Business

Insider trading inquiry widens at SAC

Four senior executives of the hedge fund SAC Capital Advisors have received subpoenas to testify before a grand jury as part of the government’s intensifying investigation into insider trading at the firm, according to people briefed on the case.

All four executives were issued subpoenas last week, along with the one served on Steven A. Cohen, the owner of SAC. The executives are Thomas Conheeney, the firm’s president; Solomon Kumin, its chief operating officer; Steven Kessler, chief compliance officer; and Phillip Villhauer, the head of trading.

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The fresh round of subpoenas, which also included requests for additional documents and trading records, angered officials at SAC, which had been fully cooperating in the multiyear inquiry. As a result of the government’s new set of demands, the fund decided to take a more combative stance, and on May 17 informed its investors that it was no longer fully cooperating with the investigation.

Lawyers have advised Cohen against testifying before a grand jury and subjecting himself to unlimited questioning on virtually any topic. Instead, he is expected to assert his constitutional right against self-incrimination, lawyers briefed on the case said. Cohen, who last year gave testimony to federal securities regulators as part of a civil insider trading case, has not been accused of any wrongdoing. It was unclear whether Cohen’s executive team would also refuse to testify.

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The Wall Street Journal earlier reported the names of the SAC executives.

Prosecutors are pressing their case against SAC after about six years of investigating the firm’s trading practices. The investigation has yielded four guilty pleas from former SAC traders; at least five other former employees have been tied to insider trading while at the firm. Earlier this year, SAC agreed to pay a $616 million penalty to resolve two civil insider trading actions brought against the firm related to questionable trading in pharmaceutical and technology stocks.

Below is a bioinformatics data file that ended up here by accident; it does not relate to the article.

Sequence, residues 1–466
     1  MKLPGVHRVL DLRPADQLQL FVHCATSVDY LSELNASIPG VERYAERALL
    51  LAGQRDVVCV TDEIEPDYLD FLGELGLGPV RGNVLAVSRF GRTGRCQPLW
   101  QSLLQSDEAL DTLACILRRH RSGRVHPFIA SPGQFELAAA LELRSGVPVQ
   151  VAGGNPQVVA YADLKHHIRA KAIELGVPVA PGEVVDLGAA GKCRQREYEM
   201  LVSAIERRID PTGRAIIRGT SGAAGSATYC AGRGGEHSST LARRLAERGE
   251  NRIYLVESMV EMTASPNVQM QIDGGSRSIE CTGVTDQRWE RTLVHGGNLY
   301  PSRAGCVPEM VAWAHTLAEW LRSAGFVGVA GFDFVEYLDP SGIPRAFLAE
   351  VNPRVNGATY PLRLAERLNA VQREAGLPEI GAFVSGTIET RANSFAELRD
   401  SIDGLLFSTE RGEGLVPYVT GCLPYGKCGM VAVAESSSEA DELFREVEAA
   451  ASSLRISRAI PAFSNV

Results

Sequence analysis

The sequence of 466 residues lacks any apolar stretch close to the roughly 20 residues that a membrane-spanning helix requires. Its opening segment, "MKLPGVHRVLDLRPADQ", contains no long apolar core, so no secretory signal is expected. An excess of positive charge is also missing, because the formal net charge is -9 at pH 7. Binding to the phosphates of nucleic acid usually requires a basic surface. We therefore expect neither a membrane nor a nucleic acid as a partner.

The government’s new requests indicated that prosecutors were stepping up their efforts to build a case against the fund itself. Typically, a grand jury hears testimony and reviews evidence before handing up an indictment.

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However, the grand jury subpoenas delivered to Cohen and the other four executives suggested that they were not targets of the investigation, as Justice Department guidelines discourage prosecutors from seeking testimony from individuals they are seeking to charge.

The requested testimony, however, could relate to potential charges against the firm connected to trades made in July 2008 in the shares of the drug makers Elan and Wyeth. Prosecutors have already criminally charged Mathew Martoma, a former portfolio manager at SAC, with helping the fund gain profits and avoid losses of $276 million by corrupting a doctor into giving him secret data about clinical trials being conducted by the two companies.

Because of the five-year deadline to file securities fraud charges, prosecutors have until mid-July to bring a case against the firm related to those trades.

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